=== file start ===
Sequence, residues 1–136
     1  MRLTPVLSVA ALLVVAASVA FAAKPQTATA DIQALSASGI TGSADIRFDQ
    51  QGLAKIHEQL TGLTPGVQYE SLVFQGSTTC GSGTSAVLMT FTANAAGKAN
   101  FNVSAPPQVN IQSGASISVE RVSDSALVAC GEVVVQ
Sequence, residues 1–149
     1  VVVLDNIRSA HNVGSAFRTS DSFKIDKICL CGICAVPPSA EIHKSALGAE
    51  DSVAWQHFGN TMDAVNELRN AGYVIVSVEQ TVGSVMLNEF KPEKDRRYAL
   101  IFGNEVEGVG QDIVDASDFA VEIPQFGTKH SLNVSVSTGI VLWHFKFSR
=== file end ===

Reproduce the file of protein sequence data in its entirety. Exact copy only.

Sequence, residues 1–136
     1  MRLTPVLSVA ALLVVAASVA FAAKPQTATA DIQALSASGI TGSADIRFDQ
    51  QGLAKIHEQL TGLTPGVQYE SLVFQGSTTC GSGTSAVLMT FTANAAGKAN
   101  FNVSAPPQVN IQSGASISVE RVSDSALVAC GEVVVQ
Sequence, residues 1–149
     1  VVVLDNIRSA HNVGSAFRTS DSFKIDKICL CGICAVPPSA EIHKSALGAE
    51  DSVAWQHFGN TMDAVNELRN AGYVIVSVEQ TVGSVMLNEF KPEKDRRYAL
   101  IFGNEVEGVG QDIVDASDFA VEIPQFGTKH SLNVSVSTGI VLWHFKFSR